When is a deal not a deal? When it’s a NI Assembly deal.

By Chris Midgley

Last night Táiniste (taw-nish-ta) Simon Coveney and Secretary of State for Northern Ireland Julian Smith announced “New Decade, New Approach” a 62-page draft agreement designed to restore power sharing in Northern Ireland.

It has taken three years and countless hours of negotiations to get here and yet, still, we are nowhere. As always with Northern Ireland there is nothing until there’s everything.

Mood music from the DUP bellwethers seems positive, with Sir Jeffrey Donaldson MP – the DUP’s Westminster leader, saying on Friday morning’s Nolan Show (effectively a BBC radio version of Jeremy Kyle with less nuance) that this deal hands the Office of First Minister and deputy First Minister an effective veto over Irish language provisions.

Paragraph 5.12. reads:

“Best practice standards recommended by the Commissioner, and all subsequent changes to those standards, are to be put for approval to the First Minister and deputy First Minister.”

Donaldson contends that “for approval” amounts to the ability for the DUP, as long as they hold the post of First Minister or deputy First Minister, to block any recommendations from the Irish Language Commissioner. He failed to mention that any such action would be subject to legal challenge, which would likely succeed.

Irish language legislation has been a sticking point for the restoration of power sharing, indeed it is the only Sinn Fein “red line” which has survived to this point (they dropped abortion rights and same sex marriage rights long before they were legislated for by amendments to the NI Act). The provisions in the draft agreement are a long way from the stand alone Irish language act that has been demanded by Sinn Fein and Conradh na Gaeilge (CnaG), the body which represents the Irish-speaking community. This likely explains Sinn Fein’s literal radio silence so far today, even many of their vocal online supporters have been cagey in what they have said. Former Sinn Fein parliamentary candidate Chris Donnelly was not impressed by what was presented:

Another area addressed in New Decade, New Approach is the highly controversial Petition of Concern, a mechanism which gives 30 MLAs from either nationalist or unionist designation the ability to block legislation. It was originally envisaged, in 1998, to prevent legislation which would harm or disadvantage one community and not the other, however it has been used to block same sex marriage and abortion rights. The draft deal goes some way to bringing it back to its original purpose but is not the wholesale reform, or indeed scrapping, that many had wanted.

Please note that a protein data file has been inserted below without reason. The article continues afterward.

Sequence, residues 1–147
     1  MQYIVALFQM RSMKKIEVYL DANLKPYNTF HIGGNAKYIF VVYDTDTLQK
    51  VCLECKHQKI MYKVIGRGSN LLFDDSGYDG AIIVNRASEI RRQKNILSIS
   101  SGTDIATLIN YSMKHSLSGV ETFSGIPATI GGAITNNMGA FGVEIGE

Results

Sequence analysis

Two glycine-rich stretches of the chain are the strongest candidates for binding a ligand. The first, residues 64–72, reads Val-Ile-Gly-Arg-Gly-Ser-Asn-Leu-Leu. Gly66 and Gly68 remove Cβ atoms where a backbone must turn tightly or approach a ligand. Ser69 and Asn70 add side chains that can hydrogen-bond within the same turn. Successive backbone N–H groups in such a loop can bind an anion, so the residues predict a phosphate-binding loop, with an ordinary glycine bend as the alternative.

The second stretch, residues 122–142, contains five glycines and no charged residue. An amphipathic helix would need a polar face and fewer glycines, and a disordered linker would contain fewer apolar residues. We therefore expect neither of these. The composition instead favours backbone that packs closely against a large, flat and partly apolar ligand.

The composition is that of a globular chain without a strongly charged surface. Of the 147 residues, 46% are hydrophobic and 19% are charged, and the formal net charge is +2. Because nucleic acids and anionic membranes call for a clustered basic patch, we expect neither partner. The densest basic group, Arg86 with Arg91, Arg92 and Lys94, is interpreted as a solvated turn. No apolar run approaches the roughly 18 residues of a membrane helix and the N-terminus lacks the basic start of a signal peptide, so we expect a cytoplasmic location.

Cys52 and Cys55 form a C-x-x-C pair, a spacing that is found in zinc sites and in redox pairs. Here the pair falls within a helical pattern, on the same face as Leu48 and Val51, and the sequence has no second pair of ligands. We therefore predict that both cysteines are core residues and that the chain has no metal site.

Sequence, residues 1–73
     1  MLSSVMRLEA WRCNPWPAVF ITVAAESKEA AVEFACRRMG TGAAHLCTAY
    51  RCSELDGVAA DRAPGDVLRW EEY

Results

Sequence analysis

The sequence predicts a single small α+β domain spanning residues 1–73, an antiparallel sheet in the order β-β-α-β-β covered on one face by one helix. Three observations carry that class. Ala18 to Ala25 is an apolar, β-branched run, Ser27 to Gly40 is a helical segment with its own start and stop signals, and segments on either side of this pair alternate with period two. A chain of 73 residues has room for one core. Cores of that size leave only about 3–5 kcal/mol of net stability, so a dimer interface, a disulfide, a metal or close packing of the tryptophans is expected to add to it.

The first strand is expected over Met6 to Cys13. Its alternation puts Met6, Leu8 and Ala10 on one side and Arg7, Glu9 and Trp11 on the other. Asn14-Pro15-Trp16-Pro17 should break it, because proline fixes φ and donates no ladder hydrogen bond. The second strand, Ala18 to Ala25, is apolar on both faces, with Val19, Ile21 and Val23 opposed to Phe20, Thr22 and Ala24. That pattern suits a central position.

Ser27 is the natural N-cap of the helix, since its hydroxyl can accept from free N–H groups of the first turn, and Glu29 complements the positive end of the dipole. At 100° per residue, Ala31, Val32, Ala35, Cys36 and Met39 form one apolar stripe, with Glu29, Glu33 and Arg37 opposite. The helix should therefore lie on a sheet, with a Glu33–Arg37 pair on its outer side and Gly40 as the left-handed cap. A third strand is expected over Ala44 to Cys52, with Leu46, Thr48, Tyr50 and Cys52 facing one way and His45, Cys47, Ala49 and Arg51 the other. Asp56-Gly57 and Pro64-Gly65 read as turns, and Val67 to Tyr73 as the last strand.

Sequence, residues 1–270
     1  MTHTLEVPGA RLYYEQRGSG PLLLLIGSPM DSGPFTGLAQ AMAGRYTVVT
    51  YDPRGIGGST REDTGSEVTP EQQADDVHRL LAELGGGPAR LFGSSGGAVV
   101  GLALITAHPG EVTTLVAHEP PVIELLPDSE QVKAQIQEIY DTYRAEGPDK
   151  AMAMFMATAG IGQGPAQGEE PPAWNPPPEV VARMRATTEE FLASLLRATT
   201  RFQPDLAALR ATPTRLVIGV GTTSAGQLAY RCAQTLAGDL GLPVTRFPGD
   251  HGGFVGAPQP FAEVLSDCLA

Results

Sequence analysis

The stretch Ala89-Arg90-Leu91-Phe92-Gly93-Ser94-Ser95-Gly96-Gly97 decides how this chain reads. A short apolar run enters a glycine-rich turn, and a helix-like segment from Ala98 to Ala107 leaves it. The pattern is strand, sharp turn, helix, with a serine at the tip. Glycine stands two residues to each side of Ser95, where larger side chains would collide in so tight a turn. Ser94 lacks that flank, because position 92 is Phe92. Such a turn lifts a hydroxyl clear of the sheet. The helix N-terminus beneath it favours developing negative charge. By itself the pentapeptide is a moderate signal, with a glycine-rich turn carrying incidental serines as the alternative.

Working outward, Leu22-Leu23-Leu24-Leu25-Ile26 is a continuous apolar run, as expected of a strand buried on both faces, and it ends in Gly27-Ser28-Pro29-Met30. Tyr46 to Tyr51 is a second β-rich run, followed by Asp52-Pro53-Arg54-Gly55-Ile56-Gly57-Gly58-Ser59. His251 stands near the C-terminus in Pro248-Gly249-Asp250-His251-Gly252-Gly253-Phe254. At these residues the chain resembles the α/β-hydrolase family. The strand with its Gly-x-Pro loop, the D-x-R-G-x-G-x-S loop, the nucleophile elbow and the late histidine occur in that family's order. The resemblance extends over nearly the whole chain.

Neither the DUP nor Sinn Fein want to fight an election in the current climate, the crisis in Northern Ireland’s health service is at truly staggering proportions with nurses involved in strike action for weeks. Not to mention the lack of infrastructure investment and many other issues. Julian Smith has promised funding to fix these issues but made it abundantly clear that without a functioning Stormont Executive the money would not be forthcoming.

Sinn Fein also face the grim prospect of elections across the whole Island as Taoiseach (tee-shock) Leo Varadkar’s minority government struggles to cling to power, something that would usually be seen as “mission accomplished” but after recent electoral punishment beatings in both jurisdictions, they are right to be wary. And given the prominence of Simon Coveney through the talks process one wonders that if the parties agree, and if Stormont gets back up and running, might it be enough to save Leo Varadkar from Facing an election?

All of the above may be entirely moot as while DUP leader Arlene Foster has welcomed the deal, albeit with caveats, the Party’s ruling executive will meet on Friday night to decide if they should formally accept the deal – which is not necessarily a forgone conclusion. The same can be said for Sinn Fein’s Ard Chomhairle (ard corl-ya), the national ruling body who are likely to be even further from being onboard.

In addition if the Stormont speaker (DUP MLA Robin Newton), the man with the power to recall the Assembly, decides not to then a First Minister and deputy First Minister cannot be elected. Julian Smith and Simon Coveney are clear they want this done today (Friday), and legally they have until 11.59pm on Monday to do so.

As mentioned earlier, with Northern Ireland there is nothing until there’s everything.

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